There are calls for urgent action to reduce the impact climate change will have on the health of Australians.
Australians are particularly vulnerable to the growing health impacts of climate change, experts warn.
Extreme heat caused by global warming is to have the most dangerous impact on health and urgent action is needed to mitigate the levels of carbon dioxide (CO2), they say.
In a paper published in the Medical Journal of Australia, Dr Elizabeth Hanna from the Climate Change Institute at the Australian National University, and Associate Professor Lachlan McIver at Medecins Sans Frontieres have given an overview of the science of climate change and its health impacts for Australia.
They say the data shows over the past 150 years atmospheric CO2 concentrations have risen rapidly from 280 parts per million (ppm) to 410 ppm.
This 46 per cent rise in atmospheric CO2 has been accompanied by rising average temperatures, write Dr Hanna and Professor McIver.
"Human interference in the global climate is now apparent," they wrote.
Despite being a developed nation, Australia's unique climate makes it "highly vulnerable" to the impact of global warming and the experts warn of an escalation in heatwaves, droughts, fires and storms.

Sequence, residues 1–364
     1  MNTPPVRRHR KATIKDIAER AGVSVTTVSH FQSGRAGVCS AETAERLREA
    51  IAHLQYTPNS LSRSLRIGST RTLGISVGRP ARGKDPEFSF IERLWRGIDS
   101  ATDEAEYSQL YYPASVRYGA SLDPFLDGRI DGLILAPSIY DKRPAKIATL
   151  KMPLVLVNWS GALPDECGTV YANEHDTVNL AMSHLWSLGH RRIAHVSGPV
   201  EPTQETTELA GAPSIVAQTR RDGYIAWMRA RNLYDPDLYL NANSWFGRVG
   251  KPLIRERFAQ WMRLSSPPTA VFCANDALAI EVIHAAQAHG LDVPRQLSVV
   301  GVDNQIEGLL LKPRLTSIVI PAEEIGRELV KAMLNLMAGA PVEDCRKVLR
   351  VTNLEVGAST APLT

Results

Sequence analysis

"Australia is the driest inhabited continent on earth and has the greatest variability of rainfall of any country."
In Australia between 1844 and 2010 heat exposure claimed at least 5332 deaths.
"Heat exposure is more lethal than any other natural disaster and represents Australia's greatest current climate-related health burden," the authors wrote.
Dr Hanna and Professor McIver say the risks of more intense tropical cyclones and food and water insecurity could also lead to more cases of mosquito-borne diseases, including Ross River virus and dengue fever.
"Australia's climate is changing. Adaptation is required and, perhaps more importantly, mitigation to avoid the worst of future health burdens," Dr Hanna and Professor McIver concluded.
"A realignment of health services to address the shift in disease burden is required to secure Australia's current high level of health care," they wrote.